0
$\begingroup$

I know I'm going wrong somewhere just not sure where

I haven't used Bayes' theorem much before so any help would be greatly appreciated.

Suppose you are given following data.

$5\%$ of the population have heart disease.

If you have heart disease, the probability that you have high blood pressure is $90\%$

If you do not have heart disease, the probability that you have high blood pressure is $15\%$

What is the probability that a person chosen at random from the population has high blood pressure?

$$P(B) = P(B|H)P(H) + P(B|H')P(H')$$

$$P(B) = (.9)(.05) + (.15)(.95) = .1875$$

Using Bayes Theorem calculate the probability that the person has heart disease, if they have high blood pressure.

$$P(H|B) = \frac{P(B|H)P(H)}{P(B)}$$

$$(.9)(.05)/.1875 = .24$$

Using Bayes Theorem calculate the probability that the person has heart disease, if they do not have high blood pressure.

$$P(H|B') = \frac{P(B'|H)P(B')}{P(H)}$$

When I sub in for this part I'm getting an invalid answer

$\endgroup$
2
  • 1
    $\begingroup$ There is no reason to use boldfaced characters. $\endgroup$ May 12, 2018 at 13:21
  • $\begingroup$ Welcome to stackexchange. Here's a way to do the problem that may provide more intuition than Bayes Theorem (it is that theorem, in disguise - you can use it to check your work) math.stackexchange.com/questions/2279851/… $\endgroup$ May 12, 2018 at 13:22

3 Answers 3

1
$\begingroup$

The answer is $\frac{3}{16}.$

You divide and conquer, so the probability that someone has heart disease and high blood pressure is $(\frac{1}{20}) (\frac{9}{10})$, which is $\frac{9}{200}$. The probability that someone doesn't have heart disease and has high blood pressure is $(\frac{1}{20}) \frac{3}{20}$, which is $\frac{57}{400}$. $\frac{9}{200}$ is the same as $\frac{18}{400}$. If you add these two fractions, you get $\frac{75}{400}$, or $\frac{3}{16}$.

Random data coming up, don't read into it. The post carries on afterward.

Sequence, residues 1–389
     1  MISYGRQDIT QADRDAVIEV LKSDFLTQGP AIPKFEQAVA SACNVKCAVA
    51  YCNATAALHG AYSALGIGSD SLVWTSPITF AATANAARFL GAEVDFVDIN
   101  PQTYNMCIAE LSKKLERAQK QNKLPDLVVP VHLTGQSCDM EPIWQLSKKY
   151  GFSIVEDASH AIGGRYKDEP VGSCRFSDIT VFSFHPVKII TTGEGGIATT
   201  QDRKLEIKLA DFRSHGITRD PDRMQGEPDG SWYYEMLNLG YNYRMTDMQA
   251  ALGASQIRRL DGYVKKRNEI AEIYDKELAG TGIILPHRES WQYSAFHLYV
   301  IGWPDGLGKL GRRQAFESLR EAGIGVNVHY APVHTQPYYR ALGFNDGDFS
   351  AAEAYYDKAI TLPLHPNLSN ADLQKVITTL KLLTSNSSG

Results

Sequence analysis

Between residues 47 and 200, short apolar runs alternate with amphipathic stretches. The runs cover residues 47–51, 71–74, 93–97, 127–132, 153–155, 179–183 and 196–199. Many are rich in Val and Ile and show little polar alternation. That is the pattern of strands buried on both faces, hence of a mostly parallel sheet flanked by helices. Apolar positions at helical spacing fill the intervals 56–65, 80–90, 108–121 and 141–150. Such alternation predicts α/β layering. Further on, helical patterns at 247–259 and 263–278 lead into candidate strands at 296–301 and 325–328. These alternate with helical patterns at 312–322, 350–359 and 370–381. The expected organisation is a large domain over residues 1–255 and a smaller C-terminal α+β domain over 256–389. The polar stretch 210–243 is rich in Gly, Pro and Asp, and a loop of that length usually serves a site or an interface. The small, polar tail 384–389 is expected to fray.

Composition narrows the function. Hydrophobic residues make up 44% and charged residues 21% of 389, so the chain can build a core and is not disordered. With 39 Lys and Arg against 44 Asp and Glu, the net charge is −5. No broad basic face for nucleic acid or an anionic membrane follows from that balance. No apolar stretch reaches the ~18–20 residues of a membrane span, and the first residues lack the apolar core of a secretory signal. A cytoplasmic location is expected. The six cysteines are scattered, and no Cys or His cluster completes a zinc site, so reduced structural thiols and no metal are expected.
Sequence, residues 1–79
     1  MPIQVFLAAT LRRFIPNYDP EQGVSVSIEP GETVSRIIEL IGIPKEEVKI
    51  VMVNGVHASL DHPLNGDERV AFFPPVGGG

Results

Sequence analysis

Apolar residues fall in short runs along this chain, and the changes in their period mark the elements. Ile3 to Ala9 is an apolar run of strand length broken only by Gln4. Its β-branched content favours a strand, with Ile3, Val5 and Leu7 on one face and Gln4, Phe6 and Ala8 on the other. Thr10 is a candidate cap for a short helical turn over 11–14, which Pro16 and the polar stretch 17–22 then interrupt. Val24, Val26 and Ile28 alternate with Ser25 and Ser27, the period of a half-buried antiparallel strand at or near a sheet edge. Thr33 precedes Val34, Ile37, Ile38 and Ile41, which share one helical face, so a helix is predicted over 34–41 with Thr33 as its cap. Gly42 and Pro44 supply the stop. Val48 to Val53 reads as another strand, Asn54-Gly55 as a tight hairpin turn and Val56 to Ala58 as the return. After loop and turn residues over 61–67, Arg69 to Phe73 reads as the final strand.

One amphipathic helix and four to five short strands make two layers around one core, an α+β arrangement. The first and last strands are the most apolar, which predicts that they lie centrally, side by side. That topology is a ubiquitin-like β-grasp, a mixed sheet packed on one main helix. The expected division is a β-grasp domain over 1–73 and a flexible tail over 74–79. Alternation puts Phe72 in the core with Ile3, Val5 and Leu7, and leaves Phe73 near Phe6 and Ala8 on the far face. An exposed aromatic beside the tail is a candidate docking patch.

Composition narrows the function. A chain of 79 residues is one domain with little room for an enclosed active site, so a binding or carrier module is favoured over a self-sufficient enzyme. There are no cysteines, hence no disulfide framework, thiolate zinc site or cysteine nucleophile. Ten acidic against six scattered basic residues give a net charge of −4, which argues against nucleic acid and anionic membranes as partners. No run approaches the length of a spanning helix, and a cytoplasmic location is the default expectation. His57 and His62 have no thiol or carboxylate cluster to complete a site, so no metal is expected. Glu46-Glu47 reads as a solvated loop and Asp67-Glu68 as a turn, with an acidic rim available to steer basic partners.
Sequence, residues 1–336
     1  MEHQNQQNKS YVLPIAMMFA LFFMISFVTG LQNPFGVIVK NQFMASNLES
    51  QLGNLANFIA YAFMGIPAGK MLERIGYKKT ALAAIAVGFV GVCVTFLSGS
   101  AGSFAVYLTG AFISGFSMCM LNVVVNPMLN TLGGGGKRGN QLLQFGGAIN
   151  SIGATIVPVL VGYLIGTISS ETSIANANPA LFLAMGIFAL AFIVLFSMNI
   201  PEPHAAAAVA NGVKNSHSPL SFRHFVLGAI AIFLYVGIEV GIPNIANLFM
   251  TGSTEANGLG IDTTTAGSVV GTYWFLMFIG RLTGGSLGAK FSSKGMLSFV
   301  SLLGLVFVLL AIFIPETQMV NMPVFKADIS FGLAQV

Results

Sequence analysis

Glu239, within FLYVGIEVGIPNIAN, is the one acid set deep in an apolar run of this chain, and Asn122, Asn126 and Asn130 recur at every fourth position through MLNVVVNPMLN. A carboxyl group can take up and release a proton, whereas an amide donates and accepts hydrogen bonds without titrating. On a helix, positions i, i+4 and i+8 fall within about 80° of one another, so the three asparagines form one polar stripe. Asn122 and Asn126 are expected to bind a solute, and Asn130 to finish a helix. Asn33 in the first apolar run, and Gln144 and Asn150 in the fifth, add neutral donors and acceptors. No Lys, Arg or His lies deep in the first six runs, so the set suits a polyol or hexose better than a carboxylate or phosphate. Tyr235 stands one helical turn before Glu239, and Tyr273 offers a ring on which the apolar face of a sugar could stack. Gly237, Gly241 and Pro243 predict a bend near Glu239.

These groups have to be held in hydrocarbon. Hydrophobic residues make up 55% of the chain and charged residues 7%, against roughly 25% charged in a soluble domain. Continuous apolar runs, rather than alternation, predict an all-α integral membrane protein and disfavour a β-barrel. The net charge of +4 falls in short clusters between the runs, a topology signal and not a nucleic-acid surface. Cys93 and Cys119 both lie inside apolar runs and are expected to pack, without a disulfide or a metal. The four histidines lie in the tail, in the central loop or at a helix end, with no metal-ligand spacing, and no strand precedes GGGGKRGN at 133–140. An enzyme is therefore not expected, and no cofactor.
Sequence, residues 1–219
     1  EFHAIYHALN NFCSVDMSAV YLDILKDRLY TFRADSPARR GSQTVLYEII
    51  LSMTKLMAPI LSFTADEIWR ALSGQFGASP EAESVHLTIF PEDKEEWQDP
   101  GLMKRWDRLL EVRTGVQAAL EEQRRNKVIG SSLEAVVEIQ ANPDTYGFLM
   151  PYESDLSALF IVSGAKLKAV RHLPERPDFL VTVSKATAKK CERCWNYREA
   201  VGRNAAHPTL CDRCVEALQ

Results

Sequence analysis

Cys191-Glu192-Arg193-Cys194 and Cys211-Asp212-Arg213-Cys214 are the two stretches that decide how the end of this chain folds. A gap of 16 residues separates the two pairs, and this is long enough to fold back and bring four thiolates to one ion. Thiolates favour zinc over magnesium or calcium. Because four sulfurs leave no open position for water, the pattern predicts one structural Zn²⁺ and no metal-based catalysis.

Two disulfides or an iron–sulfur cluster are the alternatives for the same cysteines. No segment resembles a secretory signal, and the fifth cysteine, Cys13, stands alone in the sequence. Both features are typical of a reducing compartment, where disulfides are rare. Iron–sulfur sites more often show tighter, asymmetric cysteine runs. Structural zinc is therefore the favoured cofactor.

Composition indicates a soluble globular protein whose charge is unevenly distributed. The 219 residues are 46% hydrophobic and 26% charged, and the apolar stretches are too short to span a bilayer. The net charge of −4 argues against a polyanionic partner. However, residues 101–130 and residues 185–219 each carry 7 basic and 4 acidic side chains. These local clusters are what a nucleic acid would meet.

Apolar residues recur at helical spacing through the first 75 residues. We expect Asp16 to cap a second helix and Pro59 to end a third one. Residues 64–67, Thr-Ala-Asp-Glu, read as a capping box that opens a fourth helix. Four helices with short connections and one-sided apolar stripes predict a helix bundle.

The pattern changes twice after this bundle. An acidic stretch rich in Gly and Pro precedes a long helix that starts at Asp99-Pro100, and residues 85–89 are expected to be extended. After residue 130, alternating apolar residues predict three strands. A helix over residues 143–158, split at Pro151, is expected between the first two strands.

$\endgroup$
0
$\begingroup$

$$P(H|B) = {P(H \land B) \over P(B)}={P(B|H)P(H) \over P(B)}$$ for the second is fine.

So analogously for the third $$P(H|B') = {P(H \land B')\over P(B')} = {P(B'|H)P(H) \over P(B')}$$

and use that $P(B') = 1-P(B)$ and $P(B'|H) = 1- P(B|H)$. You know all the values already.

$\endgroup$
0
$\begingroup$

The reason why you got an incorrect answer for the 3rd sub-part is because of the incorrect implementation of the Bayes rule.

Your RHS gives $P(B'|H)$ which can be calculated as $1-P(B|H)=1-0.9=0.1$

Here $P(H|B')=\frac{P(H)P(B'|H)}{P(B')} = \frac{P(H).[1-P(B|H)]}{1-P(B)} = \frac{0.05*0.1}{0.8125} = \frac{50}{8125}=0.0061$

$\endgroup$

You must log in to answer this question.

Not the answer you're looking for? Browse other questions tagged .